Aside from the underperformance of German airports, which was also a result of labour unrest, Spain’s airports (+1.7%) had the best results among the main EU+ markets, followed by those in Italy (-6.7%), France (-11.4%), and the UK (-12.9%).

Passenger traffic increased by +30.2% in the first quarter at airports in the rest of Europe2 compared to the same period previous year.

Passenger traffic in the rest of Europe outpaced the EU+ market at merely -6% when compared to pre-pandemic (Q1 2019) levels.

Airports in Ukraine (-100%) have seen a complete loss of passenger traffic for more than a year, whilst those in Russia (+4.5%) were able to maintain pre-pandemic levels of passenger traffic in the first quarter as a result of a shift in passenger demand to domestic and non-EU+ markets. Airports in Uzbekistan (+112.5%), Kazakhstan (+55.1), Armenia (+37.6%), and Serbia (+26.3%) all saw an improvement as a result.

Airports in Albania (+91%) had tremendous development as a result of the capacity used by Ultra-Low-Cost Carriers, whereas those in Turkey’s largest market (-4.9%) were almost fully recovered.

Large and important airports recover more slowly.

Comparing the first quarter of 2019 to the same period in 2018, passenger traffic at the Majors (the top 5 European airports in 20193) increased by +52.4%. Volumes were -11.2% below pre-pandemic levels (Q1 2019) because hub carrier capacity deployment was less extensive and the impact of China’s reopening was still only marginal.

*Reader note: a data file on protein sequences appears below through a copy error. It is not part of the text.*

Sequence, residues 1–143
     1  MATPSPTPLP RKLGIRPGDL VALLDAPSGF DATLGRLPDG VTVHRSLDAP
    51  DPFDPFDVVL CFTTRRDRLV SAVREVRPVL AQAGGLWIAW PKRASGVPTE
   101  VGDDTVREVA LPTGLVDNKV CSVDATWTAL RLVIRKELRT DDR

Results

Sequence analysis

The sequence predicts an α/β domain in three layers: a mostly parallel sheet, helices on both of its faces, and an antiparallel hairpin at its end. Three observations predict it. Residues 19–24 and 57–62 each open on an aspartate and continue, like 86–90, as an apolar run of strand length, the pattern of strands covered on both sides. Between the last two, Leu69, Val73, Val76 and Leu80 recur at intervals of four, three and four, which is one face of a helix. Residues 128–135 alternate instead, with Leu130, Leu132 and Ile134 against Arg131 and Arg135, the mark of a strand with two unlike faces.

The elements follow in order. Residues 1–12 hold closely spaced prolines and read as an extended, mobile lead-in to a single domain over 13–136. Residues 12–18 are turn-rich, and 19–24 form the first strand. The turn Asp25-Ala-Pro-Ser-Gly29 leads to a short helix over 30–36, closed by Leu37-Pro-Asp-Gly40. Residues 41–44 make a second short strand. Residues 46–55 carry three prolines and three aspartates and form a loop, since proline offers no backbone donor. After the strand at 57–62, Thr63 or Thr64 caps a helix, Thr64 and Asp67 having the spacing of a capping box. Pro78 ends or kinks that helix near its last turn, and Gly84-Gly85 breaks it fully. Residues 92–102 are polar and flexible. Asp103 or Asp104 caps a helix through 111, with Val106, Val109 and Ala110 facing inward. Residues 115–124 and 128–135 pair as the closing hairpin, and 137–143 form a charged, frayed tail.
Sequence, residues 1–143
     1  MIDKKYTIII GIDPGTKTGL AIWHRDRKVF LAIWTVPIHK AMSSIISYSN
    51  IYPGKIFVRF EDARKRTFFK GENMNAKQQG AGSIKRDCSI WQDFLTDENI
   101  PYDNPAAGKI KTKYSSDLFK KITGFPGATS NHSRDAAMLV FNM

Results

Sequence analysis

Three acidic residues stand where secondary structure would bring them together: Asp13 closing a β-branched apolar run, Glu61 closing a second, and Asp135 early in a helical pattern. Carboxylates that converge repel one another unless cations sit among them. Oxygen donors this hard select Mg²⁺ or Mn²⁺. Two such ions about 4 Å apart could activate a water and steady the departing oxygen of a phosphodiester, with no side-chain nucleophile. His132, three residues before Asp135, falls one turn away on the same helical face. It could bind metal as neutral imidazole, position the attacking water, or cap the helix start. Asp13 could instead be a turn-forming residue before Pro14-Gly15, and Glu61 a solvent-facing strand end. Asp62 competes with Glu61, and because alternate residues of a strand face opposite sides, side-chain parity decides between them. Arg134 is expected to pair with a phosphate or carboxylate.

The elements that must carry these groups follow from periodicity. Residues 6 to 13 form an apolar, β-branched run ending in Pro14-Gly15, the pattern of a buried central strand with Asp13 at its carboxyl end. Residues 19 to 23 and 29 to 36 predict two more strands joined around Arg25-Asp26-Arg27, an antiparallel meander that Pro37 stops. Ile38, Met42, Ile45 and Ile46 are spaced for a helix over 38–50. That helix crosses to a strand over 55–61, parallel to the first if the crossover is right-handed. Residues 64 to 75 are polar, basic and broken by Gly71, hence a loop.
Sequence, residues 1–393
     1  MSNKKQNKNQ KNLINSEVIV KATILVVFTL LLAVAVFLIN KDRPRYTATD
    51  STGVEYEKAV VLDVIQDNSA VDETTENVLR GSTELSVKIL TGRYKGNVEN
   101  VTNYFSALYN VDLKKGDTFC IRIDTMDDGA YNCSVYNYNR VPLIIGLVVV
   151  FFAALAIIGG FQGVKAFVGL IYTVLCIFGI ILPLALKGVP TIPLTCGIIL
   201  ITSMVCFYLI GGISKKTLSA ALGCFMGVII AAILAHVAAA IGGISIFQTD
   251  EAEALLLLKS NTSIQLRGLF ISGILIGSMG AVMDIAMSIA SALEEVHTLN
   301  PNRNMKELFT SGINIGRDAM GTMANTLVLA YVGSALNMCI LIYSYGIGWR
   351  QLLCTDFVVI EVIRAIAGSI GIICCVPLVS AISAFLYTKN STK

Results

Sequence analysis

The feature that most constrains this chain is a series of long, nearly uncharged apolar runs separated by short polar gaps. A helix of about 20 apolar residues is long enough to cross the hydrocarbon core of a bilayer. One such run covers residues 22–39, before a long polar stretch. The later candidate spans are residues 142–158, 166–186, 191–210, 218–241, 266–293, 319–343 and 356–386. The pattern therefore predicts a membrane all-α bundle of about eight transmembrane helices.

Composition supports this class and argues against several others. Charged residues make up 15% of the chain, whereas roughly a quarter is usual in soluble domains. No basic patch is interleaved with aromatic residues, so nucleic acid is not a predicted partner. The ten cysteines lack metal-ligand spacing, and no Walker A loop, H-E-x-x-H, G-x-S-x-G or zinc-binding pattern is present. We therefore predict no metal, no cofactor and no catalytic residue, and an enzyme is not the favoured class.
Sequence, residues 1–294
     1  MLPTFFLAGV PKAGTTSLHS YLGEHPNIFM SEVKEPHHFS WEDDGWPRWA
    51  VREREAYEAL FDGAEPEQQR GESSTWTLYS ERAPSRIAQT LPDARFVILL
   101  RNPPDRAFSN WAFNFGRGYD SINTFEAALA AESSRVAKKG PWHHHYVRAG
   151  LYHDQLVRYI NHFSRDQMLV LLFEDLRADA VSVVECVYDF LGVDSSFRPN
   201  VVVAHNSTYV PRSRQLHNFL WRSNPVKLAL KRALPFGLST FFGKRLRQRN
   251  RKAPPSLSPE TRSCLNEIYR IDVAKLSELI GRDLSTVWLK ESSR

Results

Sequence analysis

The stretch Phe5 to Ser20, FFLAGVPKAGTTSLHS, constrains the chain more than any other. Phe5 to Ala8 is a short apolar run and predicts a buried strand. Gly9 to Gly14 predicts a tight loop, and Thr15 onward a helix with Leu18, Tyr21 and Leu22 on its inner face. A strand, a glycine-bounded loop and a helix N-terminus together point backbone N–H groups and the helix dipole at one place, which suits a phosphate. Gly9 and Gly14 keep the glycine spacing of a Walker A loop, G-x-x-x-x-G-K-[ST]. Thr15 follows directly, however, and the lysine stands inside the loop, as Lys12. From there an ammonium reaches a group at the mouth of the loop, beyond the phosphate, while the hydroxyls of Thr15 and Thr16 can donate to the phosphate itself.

Istanbul (+5.9%) and Madrid (0%), two of the top five airports in Europe today, were the only ones to return to their pre-pandemic levels in the first quarter of 2019.

The busiest airport in Europe is once again London-Heathrow (-5.7%), which is followed by Istanbul, Paris-CDG (-13.2%), Madrid, and Amsterdam-Schiphol (-20.8%).

Frankfurt (-23.3%) and Munich (-30.1%) in Germany considerably underperformed their rivals, with strikes and a reduced penetration of

Low-cost carriers as major causes.

In the meantime, a number of other large5 and capital airports exceeded their pre-pandemic volumes in the first quarter, including Lisbon (+13.9%), Tel Aviv (+14%), Palma de Mallorca (+2.4%), Athens (+2.3%), and Dublin (+1.9%). This was due to the leisure demand’s resilience to inflationary pressures and higher air fares as well as the reliance on Low-Cost Airline traffic.